By Rich Kozlovich
I was supposed to post this on Saturday, but I have been sick. This week's edition the ASCH's Daily Dispatch really goes all over the place, including one of my favorite topics....DDT. I think you will find the insights on these diverse issues worth exploring. As I have said in the past....this is one of the groups I consistently turn to for the answers. There may be times that you will disagree with them, but at least they have a very simple philosophy; data in search of conclusions versus so many of the groups you will see featured here who have a philosophy of conclusions in search of data,
New study pregnant with anti-chemical quackery
An outlandish study from professors at the University of California, San Francisco, published today in the journal Environmental Health Perspectives, reports that almost all pregnant women harbor at least one out of 163 different "potentially harmful" chemicals in their blood, urine or serum .
Can you see me now? Incidence of AMD declines
The incidence of age-related macular degeneration (AMD), the leading cause of vision loss in people over the age of 50 - a result of damage to the center of the retina – has decreased in the last 15 years.
Trials for new malaria vaccine instill hope
After reporting yesterday on the looming threat of the spread of a drug-resistant form of falciparum malaria, we now bring brighter news of two phase II trials indicating that a leading candidate malaria vaccine (RTS,S/AS01E ) provides protection against the parasitic disease for at least 15 months after inoculation.
Prescription drugs face acetaminophen restrictions
\Acetaminophen, the key ingredient used in over-the-counter (OTC) drugs like Tylenol and Nyquil, will be limited only 325 milligrams per dose in prescription painkillers such as Vicodin and Percocet, the FDA announced yesterday.
Another u-turn in the controversy over antibiotics for ear infections in children
To prescribe or not prescribe? That is the question that pediatricians have been grappling with over many years as they debate whether to use antibiotics to treat acute otitis media, or ear infections, in toddlers or whether to adhere to the "watch and wait" approach.
ACSH Presents: Scared to Death: How Chemophobia Threatens Public Health
In response to the growing level of chemophobia - the irrational fear of chemicals - among the American public, ACSH held a press conference today to announce the release of its newest position paper, Scared to Death: How Chemophobia Threatens Public Health.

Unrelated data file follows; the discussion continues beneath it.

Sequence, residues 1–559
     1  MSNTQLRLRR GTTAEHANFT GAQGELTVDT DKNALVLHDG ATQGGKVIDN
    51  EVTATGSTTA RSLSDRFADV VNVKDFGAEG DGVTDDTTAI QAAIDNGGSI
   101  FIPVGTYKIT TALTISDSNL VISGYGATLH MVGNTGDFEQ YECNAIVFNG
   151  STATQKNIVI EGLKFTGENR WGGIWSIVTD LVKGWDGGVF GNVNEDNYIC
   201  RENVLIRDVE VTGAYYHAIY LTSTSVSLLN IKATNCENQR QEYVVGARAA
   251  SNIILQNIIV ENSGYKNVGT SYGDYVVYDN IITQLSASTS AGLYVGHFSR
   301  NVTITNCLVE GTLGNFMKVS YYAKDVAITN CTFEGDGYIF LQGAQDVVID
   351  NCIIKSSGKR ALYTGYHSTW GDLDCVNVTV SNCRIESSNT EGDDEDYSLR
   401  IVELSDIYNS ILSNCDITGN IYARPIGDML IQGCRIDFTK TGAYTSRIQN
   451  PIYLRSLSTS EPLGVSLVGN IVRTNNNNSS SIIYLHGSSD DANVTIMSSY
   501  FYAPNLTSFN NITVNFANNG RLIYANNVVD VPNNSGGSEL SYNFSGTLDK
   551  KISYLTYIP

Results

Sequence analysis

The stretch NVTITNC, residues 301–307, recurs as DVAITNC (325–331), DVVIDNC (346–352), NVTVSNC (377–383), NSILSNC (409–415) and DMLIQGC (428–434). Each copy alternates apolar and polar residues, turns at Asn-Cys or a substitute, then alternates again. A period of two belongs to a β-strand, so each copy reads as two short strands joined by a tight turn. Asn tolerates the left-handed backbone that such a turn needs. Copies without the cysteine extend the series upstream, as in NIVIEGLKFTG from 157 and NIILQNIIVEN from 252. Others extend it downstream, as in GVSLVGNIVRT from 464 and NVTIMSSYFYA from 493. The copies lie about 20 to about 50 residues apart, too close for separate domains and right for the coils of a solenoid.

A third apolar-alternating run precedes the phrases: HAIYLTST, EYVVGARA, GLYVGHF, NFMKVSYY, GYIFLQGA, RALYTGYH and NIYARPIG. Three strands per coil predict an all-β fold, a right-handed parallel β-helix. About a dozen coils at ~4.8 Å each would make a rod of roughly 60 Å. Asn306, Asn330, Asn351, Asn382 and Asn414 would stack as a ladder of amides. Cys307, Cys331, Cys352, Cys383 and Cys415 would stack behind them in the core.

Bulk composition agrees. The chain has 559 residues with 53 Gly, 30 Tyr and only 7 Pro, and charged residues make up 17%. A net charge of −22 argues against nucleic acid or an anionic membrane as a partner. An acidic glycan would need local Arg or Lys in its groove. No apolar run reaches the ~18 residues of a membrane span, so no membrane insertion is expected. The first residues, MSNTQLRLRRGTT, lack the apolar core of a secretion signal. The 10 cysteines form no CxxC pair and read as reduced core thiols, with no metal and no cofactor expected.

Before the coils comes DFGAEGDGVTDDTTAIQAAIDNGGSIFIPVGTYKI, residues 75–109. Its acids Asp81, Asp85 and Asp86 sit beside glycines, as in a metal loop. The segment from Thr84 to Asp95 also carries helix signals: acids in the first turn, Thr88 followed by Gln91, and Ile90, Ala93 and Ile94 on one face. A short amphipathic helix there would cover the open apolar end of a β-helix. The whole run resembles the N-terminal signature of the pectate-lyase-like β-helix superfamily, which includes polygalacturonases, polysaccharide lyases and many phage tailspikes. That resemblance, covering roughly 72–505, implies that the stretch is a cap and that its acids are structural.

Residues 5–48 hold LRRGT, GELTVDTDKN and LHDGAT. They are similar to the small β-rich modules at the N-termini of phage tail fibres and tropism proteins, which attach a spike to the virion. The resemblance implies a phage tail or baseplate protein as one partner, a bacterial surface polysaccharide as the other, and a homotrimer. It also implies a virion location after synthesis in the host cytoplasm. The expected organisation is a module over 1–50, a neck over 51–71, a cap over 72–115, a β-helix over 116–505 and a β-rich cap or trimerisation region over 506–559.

NYT offers remedy for “toxic headlines”
An excellent dash of science-based reassurance was administered over the weekend by New York Times columnist Andrew Revkin in his Dot Earth & blog.
Rude awakening: Sleep aid Ambien leaves some older users groggy and clumsy
Talk about waking up on the wrong side of the bed - results of a new study suggest that the popular sleep aid Ambien, sold generically as zolpidem, can leave folks over 60 temporarily groggy and clumsy when awakened abruptly.
Another health tenet stricken: Fruits and veggies don’t decrease cancer incidence.
Consumers looking to take dietary steps towards cancer prevention might want to hold off on a daily V8 regimen. The British Journal of Cancer reports that increasing fruit and veggie consumption has little impact on cancer prevention, at least among well-nourished populations.
Green drugs down the toilet
The "Green" movement has set its sights on a new consumer market: green pharmaceuticals.
Chemophobia and Chicken McNuggets
The Montreal Gazette published an article by Joe Schwarcz, Ph.D., director of McGill University's Office for Science and Society, on the subject of McDonald's Chicken McNuggets.
Possible risks of combining calcium-channel blockers and antibiotics
Monday brought word, first reported in the Canadian Medical Association Journal, of possible risks for patients simultaneously taking calcium channel blockers and erythromycin (E-Mycin) or clarithromycin (Biaxin) - both macrolide antibiotics.